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Infinera unveils its next-gen packet-optical platforms 

  • Infinera has announced its first major metro product upgrade since it acquired Transmode in 2015.
  • The XTM II platforms use CFP2-DCO pluggable modules for the line-side optics, not Infinera’s photonic integrated circuit (PIC) technology.
  • Infinera’s XTM II achieves new levels of power efficiency by adopting CFP2-DCO pluggables and a distributed switch architecture.

    Source: Infinera

    Infinera has unveiled its latest metro products that support up to 200-gigabit wavelengths using CFP2-DCO pluggable modules.

    The XTM II platform family is designed to support growing metro traffic, low-latency services and the trend to move sophisticated equipment towards the network edge. Placing computing, storage and even switching near the network edge contrasts with the classical approach of backhauling traffic, sometimes deep within the network.

    “If you backhaul everything, you really do not know if it belongs in that part of the network,” says Geoff Bennett, director, solutions and technology at Infinera. Backhauling inherently magnifies traffic whereas operators want greater efficiencies in dealing with bandwidth growth, he says: “This is where the more cloud-like architectures towards the network edge come in.”

    But locating equipment at the network edge means it must fit within existing premises or in installed prefabricated huts where space and the power supplied are constrained.

    “If you are asking service providers to put more complex equipment there, then you need low power utilisation,” says Bennett. “This has been a key piece of feedback from customers we have been asking as to how they want our existing products to evolve in the metro-access.”


    Having a distributed switch fabric is a long-term advantage for Infinera


    Infinera says its latest XTM II products are eight times denser in terms of tranmission capacity while setting a new power-consumption low of 20W-27W per 100 gigabits depending on the operating temperature (25oC to 55oC). Infinera claims its nearest metro equipment competitor achieves 47W per 100 gigabits.

    Sterling Perrin, principal analyst, optical networking and transport at Heavy Reading, says Infinera has achieved the power-efficient design by using a distributed switch architecture rather that a central switch fabric and adopting the CFP2-DCO pluggable module with its low-power coherent DSP.

    “If you have a centralised fabric and you put it into an edge application then for some cases it will be a perfect fit but for many applications, it will be overkill in terms of capacity and hence power,” says Perrin. “Infinera is able to do it in a modular fashion in terms of just how much capacity and power is put in an application.”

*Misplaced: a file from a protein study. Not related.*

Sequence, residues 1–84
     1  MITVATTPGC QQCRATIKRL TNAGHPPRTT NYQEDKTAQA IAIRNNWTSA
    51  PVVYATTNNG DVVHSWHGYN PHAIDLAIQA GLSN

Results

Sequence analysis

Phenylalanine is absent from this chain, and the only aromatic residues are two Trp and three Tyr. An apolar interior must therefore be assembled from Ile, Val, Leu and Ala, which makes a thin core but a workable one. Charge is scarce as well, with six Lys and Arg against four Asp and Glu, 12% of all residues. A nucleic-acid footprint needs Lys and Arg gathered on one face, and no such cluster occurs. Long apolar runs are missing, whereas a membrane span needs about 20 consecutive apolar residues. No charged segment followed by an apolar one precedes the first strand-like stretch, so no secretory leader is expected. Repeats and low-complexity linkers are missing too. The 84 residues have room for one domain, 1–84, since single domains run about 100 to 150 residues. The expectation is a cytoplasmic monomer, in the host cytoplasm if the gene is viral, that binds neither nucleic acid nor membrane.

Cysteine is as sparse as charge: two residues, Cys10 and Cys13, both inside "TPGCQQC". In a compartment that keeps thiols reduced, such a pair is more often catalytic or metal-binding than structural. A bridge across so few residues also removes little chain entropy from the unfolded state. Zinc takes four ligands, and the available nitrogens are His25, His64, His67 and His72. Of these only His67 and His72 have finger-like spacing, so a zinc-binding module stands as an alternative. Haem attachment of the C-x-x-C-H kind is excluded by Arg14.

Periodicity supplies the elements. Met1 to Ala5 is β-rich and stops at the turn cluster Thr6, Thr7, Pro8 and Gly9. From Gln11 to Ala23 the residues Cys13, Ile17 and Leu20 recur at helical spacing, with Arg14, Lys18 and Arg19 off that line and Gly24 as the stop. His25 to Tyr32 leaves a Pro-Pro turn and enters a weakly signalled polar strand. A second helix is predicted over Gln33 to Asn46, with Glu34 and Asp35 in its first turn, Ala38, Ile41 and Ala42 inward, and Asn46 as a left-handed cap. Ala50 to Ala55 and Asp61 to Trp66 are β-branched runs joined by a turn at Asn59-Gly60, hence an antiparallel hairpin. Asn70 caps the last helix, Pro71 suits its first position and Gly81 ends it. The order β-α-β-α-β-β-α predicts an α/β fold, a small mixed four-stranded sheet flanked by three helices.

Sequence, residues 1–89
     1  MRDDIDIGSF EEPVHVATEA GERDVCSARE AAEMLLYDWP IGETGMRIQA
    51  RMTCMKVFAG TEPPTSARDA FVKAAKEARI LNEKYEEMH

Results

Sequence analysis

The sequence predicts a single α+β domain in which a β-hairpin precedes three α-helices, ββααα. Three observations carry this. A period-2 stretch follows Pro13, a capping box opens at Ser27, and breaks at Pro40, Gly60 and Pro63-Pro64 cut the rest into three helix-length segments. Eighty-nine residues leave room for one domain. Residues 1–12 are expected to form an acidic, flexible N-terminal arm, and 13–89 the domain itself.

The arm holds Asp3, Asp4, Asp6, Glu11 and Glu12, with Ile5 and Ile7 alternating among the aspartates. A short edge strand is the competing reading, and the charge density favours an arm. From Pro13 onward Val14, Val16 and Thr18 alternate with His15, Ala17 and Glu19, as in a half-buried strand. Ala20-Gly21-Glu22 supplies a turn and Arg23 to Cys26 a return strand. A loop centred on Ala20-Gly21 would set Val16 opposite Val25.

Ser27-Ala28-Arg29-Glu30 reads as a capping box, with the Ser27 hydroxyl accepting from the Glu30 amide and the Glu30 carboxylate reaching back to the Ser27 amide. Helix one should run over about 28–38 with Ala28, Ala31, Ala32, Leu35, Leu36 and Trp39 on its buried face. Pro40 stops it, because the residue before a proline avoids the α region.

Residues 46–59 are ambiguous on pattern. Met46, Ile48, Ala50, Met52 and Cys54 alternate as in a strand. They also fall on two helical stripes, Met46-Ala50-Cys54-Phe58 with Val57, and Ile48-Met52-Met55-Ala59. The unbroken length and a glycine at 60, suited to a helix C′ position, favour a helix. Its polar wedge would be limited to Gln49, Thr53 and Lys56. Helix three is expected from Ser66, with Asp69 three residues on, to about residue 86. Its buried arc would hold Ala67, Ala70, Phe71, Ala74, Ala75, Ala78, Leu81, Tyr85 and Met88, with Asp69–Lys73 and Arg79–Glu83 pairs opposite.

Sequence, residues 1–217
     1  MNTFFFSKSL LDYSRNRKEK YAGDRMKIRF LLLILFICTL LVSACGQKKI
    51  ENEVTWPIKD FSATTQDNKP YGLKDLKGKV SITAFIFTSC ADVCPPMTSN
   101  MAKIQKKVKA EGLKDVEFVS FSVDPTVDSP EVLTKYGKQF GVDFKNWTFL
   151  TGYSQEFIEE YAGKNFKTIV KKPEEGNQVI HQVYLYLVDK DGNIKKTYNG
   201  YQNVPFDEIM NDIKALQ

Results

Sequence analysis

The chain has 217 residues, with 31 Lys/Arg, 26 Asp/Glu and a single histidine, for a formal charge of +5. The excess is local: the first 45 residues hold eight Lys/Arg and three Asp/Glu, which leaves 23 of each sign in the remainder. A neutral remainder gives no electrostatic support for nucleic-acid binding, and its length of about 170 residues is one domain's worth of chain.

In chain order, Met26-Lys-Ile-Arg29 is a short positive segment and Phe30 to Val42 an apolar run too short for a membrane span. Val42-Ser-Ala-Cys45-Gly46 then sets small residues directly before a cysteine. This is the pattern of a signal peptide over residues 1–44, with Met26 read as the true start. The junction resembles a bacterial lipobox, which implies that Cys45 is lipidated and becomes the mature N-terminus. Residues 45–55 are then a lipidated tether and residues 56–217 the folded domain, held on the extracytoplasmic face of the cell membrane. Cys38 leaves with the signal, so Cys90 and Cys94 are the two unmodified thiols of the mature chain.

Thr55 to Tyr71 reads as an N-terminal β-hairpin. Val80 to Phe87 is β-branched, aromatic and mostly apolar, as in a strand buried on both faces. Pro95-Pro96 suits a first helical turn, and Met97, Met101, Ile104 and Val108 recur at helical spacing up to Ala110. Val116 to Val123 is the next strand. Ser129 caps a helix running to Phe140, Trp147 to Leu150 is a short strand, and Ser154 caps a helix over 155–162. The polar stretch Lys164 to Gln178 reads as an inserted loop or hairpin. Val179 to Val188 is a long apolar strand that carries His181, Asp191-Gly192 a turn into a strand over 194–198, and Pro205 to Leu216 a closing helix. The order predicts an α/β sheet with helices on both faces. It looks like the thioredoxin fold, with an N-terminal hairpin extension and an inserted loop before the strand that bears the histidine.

Having a distributed switch fabric is a long-term advantage for Infinera for these applications, says Perrin, whereas competitor vendors will also benefit from the CFP2-DCO for their next designs.

    And even if a competitor uses a distributed design, they will not leapfrog Infinera, says Perrin, although he expects competitors’ designs to come down considerably in power with the adoption of the CFP2-DCO. 

    Infinera has chosen not to use its photonic integrated circuit (PIC) technology for its latest metro platform given the large installed base of XTM chassis that already use pluggable modules. “It would make sense that customers would give feedback that they want a product that has industry-leading performance but which is also backwards compatible,” says Bennett.

    Infinera has said it will evaluate whether its PIC technology will be applied to each new generation of the product line. “So when you get to the XTM III they will have another round looking at it,” says Perrin. “If I were placing bets on the XTM III, I would say they are going to continue down this route [of using pluggables].”

    Perrin expects line-side pluggable technology to continue to progress with companies such as Acacia Communications and the collaboration between Ciena with its WaveLogic DSP technology and several optical module makers.

    “At what point is the PIC going to be better than what is available with the pluggables?” says Perrin. “For this application, I don’t see it.”       


    XTM II family

    Infinera has already been shipping upgraded XTM chassis for the last 18 months in advance of the launch of its latest metro cards. The upgraded chassis - the one rack unit (1RU) TM-102/II, the 3RU TM-301/II and the 11RU TM-3000/II - all feature enhanced power management and cooling.